Few mutations implicated in transmission of drug-resistant HIV
A small number of mutations are responsible for most cases of drug-resistant HIV transmission worldwide, according to recent findings.
“This is to our knowledge the first individual-patient-level meta-analysis of [transmitted drug resistance (TDR)] in HIV-1 infected, ART-naive populations,” Soo-Yon Rhee, MS, and colleagues at Stanford University wrote in PLoS Medicine.
The researchers analyzed HIV sequencing data for 50,870 people from 111 countries who were enrolled in 287 studies. They sought any of the 93 mutations known to be indicators of drug resistance.
The median TDR prevalence in sub-Saharan Africa was 2.8%, and in south/southeast Asia, it was 2.9%, the researchers wrote. Median TDR prevalence was 5.6% in upper-income Asian countries, 9.4% in Europe and 11.5% in North America. Since ART scale-up began in sub-Saharan Africa, there has been an annual 1.09-fold increase in the odds of TDR resulting from a rise in non-nucleoside reverse transcriptase inhibitor (NNRTI) resistance.
In sub-Saharan Africa and south/southeast Asia, 95% of the viruses tested were not closely related.
“ART regimens with a high genetic barrier to resistance combined with improved patient adherence may mitigate TDR increases by reducing the generation of new ART-resistant strains,” the researchers wrote.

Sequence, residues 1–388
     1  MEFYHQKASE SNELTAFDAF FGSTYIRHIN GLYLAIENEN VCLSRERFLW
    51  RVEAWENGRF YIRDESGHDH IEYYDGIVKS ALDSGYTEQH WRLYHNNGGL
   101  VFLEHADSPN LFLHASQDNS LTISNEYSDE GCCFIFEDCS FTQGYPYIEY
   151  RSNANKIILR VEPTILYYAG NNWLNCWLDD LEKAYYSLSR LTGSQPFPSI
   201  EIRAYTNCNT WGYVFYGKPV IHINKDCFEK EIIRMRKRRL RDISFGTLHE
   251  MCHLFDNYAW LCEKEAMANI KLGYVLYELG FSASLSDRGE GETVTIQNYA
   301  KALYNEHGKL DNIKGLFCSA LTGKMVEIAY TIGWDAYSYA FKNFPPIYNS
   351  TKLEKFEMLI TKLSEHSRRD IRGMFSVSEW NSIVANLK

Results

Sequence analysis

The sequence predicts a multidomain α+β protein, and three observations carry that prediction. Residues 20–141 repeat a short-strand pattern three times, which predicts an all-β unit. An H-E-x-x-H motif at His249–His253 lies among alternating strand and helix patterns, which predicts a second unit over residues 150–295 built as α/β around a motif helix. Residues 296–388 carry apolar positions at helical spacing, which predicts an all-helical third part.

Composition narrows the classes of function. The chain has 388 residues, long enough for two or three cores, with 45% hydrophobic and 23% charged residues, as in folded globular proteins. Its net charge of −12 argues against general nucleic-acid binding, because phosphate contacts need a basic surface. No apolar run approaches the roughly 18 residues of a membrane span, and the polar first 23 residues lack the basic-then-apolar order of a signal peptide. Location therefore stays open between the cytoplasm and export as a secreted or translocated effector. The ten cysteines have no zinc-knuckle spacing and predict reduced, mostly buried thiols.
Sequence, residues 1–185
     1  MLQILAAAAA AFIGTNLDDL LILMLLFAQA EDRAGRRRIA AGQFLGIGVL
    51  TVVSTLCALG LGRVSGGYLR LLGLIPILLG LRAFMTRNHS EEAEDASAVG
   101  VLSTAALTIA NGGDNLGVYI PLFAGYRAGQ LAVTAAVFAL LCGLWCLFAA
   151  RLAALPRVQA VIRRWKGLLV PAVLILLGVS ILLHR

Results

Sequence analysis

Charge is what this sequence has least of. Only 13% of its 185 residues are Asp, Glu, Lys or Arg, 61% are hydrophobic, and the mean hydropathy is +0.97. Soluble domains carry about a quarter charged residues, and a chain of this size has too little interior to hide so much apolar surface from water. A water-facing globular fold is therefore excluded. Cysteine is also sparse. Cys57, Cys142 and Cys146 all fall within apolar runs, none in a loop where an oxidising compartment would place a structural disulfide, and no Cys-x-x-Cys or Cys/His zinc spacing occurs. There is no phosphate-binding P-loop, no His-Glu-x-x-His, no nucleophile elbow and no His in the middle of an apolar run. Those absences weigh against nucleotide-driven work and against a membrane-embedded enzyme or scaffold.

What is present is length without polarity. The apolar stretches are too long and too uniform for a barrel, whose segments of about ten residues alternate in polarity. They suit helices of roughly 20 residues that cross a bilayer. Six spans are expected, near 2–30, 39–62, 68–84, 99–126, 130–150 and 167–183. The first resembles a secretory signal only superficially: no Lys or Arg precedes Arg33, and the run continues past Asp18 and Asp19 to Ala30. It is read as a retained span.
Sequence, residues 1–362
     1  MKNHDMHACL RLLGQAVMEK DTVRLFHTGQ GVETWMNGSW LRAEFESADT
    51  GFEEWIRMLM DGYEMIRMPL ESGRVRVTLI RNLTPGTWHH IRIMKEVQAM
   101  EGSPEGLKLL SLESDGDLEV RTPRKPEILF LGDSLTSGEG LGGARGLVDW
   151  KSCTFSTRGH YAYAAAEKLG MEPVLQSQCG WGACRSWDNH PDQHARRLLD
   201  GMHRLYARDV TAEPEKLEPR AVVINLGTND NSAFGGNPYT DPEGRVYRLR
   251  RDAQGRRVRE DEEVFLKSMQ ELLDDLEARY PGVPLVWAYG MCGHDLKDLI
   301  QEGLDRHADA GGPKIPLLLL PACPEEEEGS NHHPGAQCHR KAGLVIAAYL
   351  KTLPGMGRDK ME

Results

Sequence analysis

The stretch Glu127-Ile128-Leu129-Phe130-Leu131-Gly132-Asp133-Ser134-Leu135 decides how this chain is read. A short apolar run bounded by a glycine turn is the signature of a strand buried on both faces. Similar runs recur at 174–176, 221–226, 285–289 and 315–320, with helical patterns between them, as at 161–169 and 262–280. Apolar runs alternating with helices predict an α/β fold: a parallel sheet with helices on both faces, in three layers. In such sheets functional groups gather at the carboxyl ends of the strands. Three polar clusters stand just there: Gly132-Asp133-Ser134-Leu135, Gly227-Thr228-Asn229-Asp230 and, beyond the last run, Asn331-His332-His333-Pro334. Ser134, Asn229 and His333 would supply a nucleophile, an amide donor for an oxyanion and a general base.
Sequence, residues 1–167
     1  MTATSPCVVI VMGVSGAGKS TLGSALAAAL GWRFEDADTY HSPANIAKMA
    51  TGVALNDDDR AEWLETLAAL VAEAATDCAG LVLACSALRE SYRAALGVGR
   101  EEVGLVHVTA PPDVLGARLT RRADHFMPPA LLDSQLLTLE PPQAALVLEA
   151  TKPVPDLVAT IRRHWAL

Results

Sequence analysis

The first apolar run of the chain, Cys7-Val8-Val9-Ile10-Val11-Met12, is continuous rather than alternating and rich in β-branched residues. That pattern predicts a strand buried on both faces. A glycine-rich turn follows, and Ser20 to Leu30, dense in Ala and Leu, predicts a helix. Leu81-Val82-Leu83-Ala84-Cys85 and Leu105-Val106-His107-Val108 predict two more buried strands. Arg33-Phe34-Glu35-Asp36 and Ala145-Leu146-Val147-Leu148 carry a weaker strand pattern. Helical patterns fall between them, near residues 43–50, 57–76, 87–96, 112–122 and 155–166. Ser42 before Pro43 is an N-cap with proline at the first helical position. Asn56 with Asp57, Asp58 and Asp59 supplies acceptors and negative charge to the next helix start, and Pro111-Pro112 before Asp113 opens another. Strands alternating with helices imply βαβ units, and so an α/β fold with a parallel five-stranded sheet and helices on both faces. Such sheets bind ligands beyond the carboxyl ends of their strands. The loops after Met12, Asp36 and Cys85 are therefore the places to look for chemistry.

Since only a few NNRTI mutations accounted for most of transmission of drug-resistant HIV, a simple and inexpensive point-mutation test to detect these mutations may be a good prescreening tool in high-TDR areas, according to the investigators.
“In the context of a public health approach to ART, a reliable point-of-care genotypic resistance test could identify which patients should receive standard first-line therapy and which should receive a protease-inhibitor-containing regimen,” the researchers wrote. – by Colleen Owens
Disclosure: Rhee reports no relevant financial disclosures. Please see the full study for a list of all other authors’ relevant financial disclosures.